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Factors Influencing Freezing of Supercooled Water in Tender Plants

Cary, J.W. and Mayland, H.F. (1970) Factors Influencing Freezing of Supercooled Water in Tender Plants. Agronomy Journal. 62(6):715-719.

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Seedlings of beans (Phaseolus vulgaris), corn (Zea mays),
and tomatoes (Lycopersicon esculentum) were grown in
the greenhouse and then exposed to controlled freezing
conditions in a growth chamber. Variables were adjusted
to determine the influence of plant water potential, freezing
time, and external dew formation on the seedlings'
susceptibility to frost injury. Freezing, detected visually
and by release of latent heat, progressed rapidly throughout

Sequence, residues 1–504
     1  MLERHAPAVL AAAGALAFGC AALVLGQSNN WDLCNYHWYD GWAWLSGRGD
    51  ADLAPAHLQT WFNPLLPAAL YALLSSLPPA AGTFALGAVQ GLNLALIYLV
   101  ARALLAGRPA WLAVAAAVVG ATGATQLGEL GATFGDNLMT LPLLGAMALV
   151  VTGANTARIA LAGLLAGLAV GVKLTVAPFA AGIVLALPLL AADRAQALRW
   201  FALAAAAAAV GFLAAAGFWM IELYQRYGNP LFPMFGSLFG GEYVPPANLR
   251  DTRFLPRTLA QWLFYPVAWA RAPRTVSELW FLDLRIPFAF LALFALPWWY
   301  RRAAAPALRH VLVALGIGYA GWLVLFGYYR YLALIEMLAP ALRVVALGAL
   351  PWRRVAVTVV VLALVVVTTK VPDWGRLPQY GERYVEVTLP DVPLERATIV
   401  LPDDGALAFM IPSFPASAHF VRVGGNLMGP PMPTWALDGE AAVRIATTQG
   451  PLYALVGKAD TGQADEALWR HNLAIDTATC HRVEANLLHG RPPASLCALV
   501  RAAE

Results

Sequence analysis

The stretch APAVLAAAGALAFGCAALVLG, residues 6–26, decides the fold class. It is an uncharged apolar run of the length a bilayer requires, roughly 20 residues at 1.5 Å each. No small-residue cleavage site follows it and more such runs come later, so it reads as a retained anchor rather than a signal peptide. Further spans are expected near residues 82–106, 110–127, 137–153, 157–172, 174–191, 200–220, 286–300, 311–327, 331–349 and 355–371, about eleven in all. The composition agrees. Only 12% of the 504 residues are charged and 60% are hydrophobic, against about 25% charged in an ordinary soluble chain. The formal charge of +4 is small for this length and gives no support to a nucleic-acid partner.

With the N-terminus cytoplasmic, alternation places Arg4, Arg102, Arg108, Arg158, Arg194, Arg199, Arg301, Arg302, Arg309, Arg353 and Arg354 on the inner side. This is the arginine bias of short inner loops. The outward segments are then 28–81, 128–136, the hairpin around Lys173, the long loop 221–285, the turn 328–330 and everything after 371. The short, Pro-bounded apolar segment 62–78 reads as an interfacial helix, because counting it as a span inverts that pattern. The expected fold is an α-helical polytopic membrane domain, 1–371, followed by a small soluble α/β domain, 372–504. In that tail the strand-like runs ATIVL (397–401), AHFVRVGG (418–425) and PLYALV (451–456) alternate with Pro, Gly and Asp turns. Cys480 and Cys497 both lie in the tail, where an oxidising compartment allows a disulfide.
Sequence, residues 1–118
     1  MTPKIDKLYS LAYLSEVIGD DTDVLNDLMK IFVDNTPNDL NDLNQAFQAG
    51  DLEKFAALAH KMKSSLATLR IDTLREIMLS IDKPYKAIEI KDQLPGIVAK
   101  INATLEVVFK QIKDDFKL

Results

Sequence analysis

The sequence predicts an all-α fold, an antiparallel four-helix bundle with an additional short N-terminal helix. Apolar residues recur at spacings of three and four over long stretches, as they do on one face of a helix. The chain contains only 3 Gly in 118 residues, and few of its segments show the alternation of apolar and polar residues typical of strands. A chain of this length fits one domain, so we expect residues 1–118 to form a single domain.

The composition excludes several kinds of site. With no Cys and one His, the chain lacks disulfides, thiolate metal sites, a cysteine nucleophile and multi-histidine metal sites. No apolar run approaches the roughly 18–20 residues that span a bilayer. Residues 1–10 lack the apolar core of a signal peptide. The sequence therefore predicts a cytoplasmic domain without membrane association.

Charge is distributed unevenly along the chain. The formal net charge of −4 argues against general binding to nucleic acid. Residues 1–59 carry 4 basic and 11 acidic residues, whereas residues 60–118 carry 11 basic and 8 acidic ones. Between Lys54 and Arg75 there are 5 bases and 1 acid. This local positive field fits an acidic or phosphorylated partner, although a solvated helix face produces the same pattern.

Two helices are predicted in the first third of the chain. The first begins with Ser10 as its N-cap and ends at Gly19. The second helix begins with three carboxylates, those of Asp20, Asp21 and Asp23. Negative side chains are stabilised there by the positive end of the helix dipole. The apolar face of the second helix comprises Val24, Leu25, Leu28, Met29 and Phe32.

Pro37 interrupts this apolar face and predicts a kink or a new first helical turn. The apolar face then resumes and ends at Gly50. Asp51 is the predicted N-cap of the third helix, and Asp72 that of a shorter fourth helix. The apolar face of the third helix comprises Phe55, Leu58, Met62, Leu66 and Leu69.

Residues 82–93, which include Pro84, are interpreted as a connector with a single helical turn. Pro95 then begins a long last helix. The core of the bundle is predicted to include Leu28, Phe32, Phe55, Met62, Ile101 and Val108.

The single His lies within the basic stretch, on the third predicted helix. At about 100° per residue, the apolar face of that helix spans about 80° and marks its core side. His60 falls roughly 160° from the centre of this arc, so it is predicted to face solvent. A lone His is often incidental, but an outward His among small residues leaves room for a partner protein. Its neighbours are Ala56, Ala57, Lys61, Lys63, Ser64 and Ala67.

plants with high water potential and was always lethal.
Spreading of the ice phase was impeded in plants with
low water potential. In this case, the freezing injury appeared
as spots on the leaves which gradually enlarged
to encompass the entire leaf as the exposure continued.
In general, the plant water supercooled before freezing.
Supercooled water within the plant appeared to be internally
nucleated if the leaf temperature remained above
the atmospheric dewpoint temperature. Under these conditions
root temperature, plant water energy, and duration
of the freezing period all influenced the stability of the
supercooled water. On the other hand, external inoculation
prevailed when the freezing temperatures were accompanied
by condensation of water from the air and
subsequent formation of ice crystals on the leaves. One
important exception was noted when ice on corn seedling
leaves failed to nucleate the supercooled internal plant
water with a potential of —18 bars.

Item Type: Article
NWISRL Publication Number: 0174
Subjects: Mass Import - unclassified
Depositing User: Dan Stieneke
Date Deposited: 20 Nov 2010 21:51
Last Modified: 07 Mar 2017 22:58
Item ID: 191